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Document Type

Note

Publication Date

2-15-2019

Publication Citation

26 Indiana J. Global Legal Studies 353 (2019)

Abstract

Under U.S. federal law, a corporation can be held criminally liable for the crimes of its employees and agents. The Department of Justice's U.S. Attorneys' Manual lays out a list of factors prosecutors can evaluate when deciding whether or not to prosecute a corporate entity. The Department of Justice (DOJ) prosecutors have various tools at their disposal, including deferred prosecution agreements (DPAs) and non-prosecution agreements (NPAs) as alternatives to going to trial. Prosecutors have used DPAs and NPAs in recent cases, allowing the government to ensure that corporate entities comply with investigations, enact compliance programs, and continue to follow laws and regulations. The use of DPAs and NPAs are on the rise, and these agreements are now used in cases concerning the Foreign Corrupt Practices Act (FCPA) and the U.S. Commodity Future Trading Commission (CFTC). Comments from the Trump Administration suggest that these agreements will continue to be used to deter corporate criminal misconduct. Many Latin American countries have recently enacted laws to impose corporate criminal liability and use some type of compliance-based program to help deter future wrongdoing. Mexico, in particular, has recently amended its Federal Penal Code to prosecute and punish corporate entities. Since the Mexican case law in this area is still developing, it is very important that Mexico adopt deferred prosecution agreements, non-prosecution agreements, or a variation thereof that require compliance programs to enhance the public perception of the Mexican government and the judiciary. Mexico is just one of many countries amending its laws, suggesting a shift toward an implied understanding of the importance of a compliance-oriented approach. Foreign jurisdictions and the U.S. DOJ continue to enact programs to help regulate laws and deter criminal activity in many industries. The acceptance of the corporate criminal liability doctrine in several jurisdictions promotes the public interest and the integrity of the legal system, deters future illegal activity, and helps ensure corporate compliance with the law.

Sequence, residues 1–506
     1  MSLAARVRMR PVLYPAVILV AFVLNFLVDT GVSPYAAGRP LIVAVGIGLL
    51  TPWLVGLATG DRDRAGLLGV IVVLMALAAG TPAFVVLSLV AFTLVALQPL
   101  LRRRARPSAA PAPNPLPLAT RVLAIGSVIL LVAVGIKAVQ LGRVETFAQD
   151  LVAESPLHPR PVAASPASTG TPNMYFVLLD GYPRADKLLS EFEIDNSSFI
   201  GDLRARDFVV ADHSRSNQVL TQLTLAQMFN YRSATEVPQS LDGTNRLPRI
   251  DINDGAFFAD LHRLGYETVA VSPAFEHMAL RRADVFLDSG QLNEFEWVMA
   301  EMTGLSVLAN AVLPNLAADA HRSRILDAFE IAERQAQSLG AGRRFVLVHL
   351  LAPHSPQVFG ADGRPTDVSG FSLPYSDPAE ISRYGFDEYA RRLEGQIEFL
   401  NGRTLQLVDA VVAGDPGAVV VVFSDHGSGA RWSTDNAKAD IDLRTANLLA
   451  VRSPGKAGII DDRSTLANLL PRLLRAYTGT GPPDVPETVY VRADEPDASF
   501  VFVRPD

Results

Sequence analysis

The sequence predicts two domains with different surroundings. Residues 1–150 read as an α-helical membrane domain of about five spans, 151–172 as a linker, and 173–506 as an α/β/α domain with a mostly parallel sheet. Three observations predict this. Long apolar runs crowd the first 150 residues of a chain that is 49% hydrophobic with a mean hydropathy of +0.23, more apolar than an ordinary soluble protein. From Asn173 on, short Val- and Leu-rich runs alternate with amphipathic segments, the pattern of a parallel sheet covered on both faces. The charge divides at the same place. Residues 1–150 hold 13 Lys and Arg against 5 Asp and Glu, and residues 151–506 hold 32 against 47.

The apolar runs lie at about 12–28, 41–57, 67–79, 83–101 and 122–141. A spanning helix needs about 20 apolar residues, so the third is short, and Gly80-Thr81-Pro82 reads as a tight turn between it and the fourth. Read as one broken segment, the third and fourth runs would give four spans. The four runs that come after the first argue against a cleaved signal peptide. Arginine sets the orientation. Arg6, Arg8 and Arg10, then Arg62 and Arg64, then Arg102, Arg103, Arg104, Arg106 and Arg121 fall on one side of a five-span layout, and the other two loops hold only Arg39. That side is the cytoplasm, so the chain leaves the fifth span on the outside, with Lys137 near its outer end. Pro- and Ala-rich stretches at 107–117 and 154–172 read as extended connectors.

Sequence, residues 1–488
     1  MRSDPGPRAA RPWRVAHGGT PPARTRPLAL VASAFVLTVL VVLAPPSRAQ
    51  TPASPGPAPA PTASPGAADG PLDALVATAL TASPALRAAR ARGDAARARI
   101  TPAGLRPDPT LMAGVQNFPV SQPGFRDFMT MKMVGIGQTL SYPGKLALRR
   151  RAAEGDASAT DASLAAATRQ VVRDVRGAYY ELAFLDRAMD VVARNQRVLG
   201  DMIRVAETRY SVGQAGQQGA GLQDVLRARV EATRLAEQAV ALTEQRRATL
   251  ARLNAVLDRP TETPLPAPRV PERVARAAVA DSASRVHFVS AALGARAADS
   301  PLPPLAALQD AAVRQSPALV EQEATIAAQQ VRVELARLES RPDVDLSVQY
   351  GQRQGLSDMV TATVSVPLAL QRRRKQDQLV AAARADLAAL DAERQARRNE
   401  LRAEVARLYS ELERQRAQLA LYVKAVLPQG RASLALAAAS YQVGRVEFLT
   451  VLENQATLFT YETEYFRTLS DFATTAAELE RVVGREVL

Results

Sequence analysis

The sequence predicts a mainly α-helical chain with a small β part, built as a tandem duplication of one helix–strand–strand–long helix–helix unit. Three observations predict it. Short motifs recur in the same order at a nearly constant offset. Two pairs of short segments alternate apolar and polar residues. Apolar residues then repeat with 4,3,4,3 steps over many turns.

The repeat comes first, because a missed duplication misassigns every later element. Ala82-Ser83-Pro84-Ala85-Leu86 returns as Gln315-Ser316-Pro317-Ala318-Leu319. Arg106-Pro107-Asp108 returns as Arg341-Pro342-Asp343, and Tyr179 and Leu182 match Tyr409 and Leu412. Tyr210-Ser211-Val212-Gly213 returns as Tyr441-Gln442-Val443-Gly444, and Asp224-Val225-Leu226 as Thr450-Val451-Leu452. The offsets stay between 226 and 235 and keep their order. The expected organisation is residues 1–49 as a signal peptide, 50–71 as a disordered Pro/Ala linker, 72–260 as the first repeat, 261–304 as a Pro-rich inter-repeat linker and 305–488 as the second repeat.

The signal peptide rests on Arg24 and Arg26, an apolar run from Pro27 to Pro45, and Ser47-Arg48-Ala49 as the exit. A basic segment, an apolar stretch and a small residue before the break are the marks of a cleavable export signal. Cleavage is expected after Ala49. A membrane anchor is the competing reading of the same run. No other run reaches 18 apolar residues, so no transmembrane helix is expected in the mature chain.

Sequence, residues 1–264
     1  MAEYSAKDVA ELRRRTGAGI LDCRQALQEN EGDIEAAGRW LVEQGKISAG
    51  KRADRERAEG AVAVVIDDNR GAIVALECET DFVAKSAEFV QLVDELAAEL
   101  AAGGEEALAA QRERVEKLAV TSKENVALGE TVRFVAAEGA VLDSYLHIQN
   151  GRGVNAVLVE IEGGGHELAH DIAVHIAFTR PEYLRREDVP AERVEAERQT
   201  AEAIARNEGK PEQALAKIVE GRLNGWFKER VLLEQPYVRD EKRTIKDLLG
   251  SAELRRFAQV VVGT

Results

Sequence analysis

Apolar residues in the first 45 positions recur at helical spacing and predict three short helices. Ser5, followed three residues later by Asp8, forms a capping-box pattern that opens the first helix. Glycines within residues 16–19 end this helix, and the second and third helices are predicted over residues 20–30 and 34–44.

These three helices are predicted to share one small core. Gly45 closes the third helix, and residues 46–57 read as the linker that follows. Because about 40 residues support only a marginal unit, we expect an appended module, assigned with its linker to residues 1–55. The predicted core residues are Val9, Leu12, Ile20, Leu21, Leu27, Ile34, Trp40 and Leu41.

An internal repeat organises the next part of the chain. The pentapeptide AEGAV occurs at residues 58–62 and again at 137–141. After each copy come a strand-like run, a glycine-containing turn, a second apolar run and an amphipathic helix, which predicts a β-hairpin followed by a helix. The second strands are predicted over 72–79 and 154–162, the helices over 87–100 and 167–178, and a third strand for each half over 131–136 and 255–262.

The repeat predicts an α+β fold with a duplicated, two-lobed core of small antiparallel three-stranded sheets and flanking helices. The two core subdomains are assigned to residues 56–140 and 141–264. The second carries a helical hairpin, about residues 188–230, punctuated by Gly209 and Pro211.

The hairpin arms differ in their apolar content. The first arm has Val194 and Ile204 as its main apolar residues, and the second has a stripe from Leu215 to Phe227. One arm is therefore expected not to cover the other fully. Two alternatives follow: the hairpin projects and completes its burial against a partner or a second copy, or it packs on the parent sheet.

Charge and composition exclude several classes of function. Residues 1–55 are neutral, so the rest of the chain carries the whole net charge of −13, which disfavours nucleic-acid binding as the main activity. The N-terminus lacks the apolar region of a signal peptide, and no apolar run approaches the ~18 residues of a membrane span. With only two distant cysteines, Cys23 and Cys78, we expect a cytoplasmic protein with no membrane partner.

Available for download on Saturday, February 15, 2020

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